Golf Buzz

March 28, 2017 - 6:43am
Posted by:
T.J. Auclair
tj.auclair's picture
Adam Scott
Here's a look at seven great moments at the Masters over the last decade -- like this birdie putt by Adam Scott on the 72nd hole in 2011.

We're a just a little excited for the season's first major -- The Masters -- to tee off next week in Augusta, Ga.

With that in mind, we dug up seven great moments from Masters week at Augusta National over the last decade.

7. Adam Scott's birdie putt on No. 18 in 2013. At the time, it looked like this putt might be the one that would win Scott his first major and -- more importantly -- the first green jacket for an Australian. As it turned out, Argentina's Angel Cabrera, the 2009 Masters champion, would force a playoff that Scott would eventually win. But, this putt was special as you can see based on the reaction from the otherwise typically reserved Scott.



6. Charl Schwartzel's finish in 2011. When you do something that's never been done by a winner in Masters history, it's a big deal. That's precisely what Schwartzel did in 2011. The South African rallied at just the right time to essentially steal the tournament from Adam Scott and Jason Day by birdieing each of the final four holes. A collective 4 under on 15, 16, 17 and 18 at Augusta National with the pressure that comes during the final round of the Masters? That'll work.



5. Phil Mickelson tree shot on No. 13 in 2010. On his way to winning his third Masters, Mickelson pulled off one of the great shots in tournament history with his second shot into the par-5 13th hole. After his tee shot sailed right into the pine straw, Mickelson found his ball sitting directly behind a pine tree, obstructing his view -- and angle -- to the green. In his typical go-for-broke style, Mickelson proceeded to hit the shot of the tournament, carving the ball around the tree, onto the green and within 5 feet of the hole to set up an unlikely eagle putt. He would miss the eagle try, but tapped in for a birdie on a hole that truly could have been a disaster had that second shot gone wrong. He would go on to win by three shots over runner-up Lee Westwood.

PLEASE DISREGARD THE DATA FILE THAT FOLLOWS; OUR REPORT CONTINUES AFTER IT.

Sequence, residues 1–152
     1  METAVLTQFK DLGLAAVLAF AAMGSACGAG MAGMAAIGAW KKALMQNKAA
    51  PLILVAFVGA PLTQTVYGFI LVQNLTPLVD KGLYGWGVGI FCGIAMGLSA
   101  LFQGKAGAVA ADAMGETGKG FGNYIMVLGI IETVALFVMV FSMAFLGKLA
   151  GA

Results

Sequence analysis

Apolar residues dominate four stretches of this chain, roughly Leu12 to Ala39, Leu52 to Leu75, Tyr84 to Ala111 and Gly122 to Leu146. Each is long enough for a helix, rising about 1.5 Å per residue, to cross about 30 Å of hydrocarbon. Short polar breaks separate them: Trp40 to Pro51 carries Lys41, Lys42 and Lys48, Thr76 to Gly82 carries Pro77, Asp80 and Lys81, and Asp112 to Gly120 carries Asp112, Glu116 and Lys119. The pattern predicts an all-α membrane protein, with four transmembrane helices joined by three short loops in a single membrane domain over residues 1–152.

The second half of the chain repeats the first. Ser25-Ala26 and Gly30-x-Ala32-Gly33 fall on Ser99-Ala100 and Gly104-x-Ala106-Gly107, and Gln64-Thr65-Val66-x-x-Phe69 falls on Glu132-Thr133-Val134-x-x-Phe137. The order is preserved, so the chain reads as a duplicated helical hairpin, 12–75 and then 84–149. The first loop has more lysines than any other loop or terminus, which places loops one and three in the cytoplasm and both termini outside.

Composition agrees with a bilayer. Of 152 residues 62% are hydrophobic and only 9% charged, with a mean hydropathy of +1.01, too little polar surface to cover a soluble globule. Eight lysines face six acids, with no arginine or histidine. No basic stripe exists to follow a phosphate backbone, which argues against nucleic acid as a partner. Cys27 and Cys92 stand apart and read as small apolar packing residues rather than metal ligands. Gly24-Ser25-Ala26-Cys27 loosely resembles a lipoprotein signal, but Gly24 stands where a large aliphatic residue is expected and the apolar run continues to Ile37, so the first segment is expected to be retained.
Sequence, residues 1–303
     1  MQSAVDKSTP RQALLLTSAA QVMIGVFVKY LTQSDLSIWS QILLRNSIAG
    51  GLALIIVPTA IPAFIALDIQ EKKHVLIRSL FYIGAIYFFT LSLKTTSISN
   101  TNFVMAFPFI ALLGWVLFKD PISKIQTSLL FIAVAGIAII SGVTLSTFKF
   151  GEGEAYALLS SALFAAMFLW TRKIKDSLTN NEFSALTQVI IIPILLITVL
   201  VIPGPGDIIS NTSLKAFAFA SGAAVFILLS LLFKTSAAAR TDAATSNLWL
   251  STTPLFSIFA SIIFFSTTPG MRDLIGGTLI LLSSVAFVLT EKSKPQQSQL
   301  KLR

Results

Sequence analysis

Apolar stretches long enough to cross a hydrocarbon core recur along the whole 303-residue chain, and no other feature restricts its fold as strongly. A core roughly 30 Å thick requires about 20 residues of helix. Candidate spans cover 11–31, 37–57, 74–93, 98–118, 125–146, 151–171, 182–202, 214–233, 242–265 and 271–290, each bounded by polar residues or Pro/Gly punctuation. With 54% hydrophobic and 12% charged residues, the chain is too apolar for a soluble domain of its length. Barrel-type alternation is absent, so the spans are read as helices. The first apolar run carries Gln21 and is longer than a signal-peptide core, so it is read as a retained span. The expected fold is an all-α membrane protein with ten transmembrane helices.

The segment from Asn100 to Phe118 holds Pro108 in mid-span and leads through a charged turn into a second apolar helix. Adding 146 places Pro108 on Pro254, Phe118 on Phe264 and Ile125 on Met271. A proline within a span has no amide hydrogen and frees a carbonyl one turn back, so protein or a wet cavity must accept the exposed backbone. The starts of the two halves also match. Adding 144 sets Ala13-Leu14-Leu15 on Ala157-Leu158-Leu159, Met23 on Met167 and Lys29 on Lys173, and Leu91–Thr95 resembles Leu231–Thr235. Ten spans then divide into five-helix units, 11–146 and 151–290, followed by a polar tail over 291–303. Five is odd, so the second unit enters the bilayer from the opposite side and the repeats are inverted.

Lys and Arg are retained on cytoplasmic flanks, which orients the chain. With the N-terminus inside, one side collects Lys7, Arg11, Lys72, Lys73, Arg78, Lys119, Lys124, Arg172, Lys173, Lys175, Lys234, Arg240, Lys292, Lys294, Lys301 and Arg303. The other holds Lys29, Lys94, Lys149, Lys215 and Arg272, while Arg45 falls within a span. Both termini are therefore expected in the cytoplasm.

4. Jordan Spieth's record-tying performance in 2015. In his first Masters a year earlier, Spieth was tied for the lead with 2012 Masters champ Bubba Watson. When the dust settled on that final round, Spieth would be the runner-up -- quite the feat for a Masters rookie. That's not how Spieth looked at it, however. Instead, it was one that got away and a defeat he looked forward to avenging quickly. Twelve months later, he avenged it in a big way -- a record-tying way. No player got within three shots of Spieth in the final round. When he signed for a 2-under 70 that Sunday, Spieth equaled the tournament scoring record -- 18-under 270 (initially set by Tiger Woods in 1997) -- for a four-stroke victory over Phil Mickelson and Justin Rose and his first major championship. It was the first of two consecutive major wins for Spieth, who also finished T4 at the Open Championship and runner up at the PGA Championship that year.



3. Bubba Watson's wedge shot on No. 10 in 2012 playoff. After missing the fairway wide right at the par-4 10th hole on the second hole of a playoff with Louis Oosthuizen, Watson found himself in a terrible spot for his approach. In a place where most probably would have punched out back into the fairway, Watson somehow managed to hook a wedge through a shoot and onto the green within 9 feet of the cup. Once Oosthuizen made bogey, Watson needed two putts for his first major championship victory all set up by the most incredible of shots at the most crucial time. He cleaned up the par and snagged the first of his two Masters wins in a three-year span.



2. Louis Oosthuizen's albatross on No. 2 in 2012. OK, so we just covered how Oosthuizen lost the playoff to Watson in 2012. Well, the fact is, he wouldn't have even been in position for a playoff if it weren't for a Masters-first that occurred very early in the final round. Beginning the final round two shots behind Peter Hanson, Oosthuizen soared into an early lead with this shot, which was just the fourth albatross in Masters history (the first caught on camera) and the first on the second hole.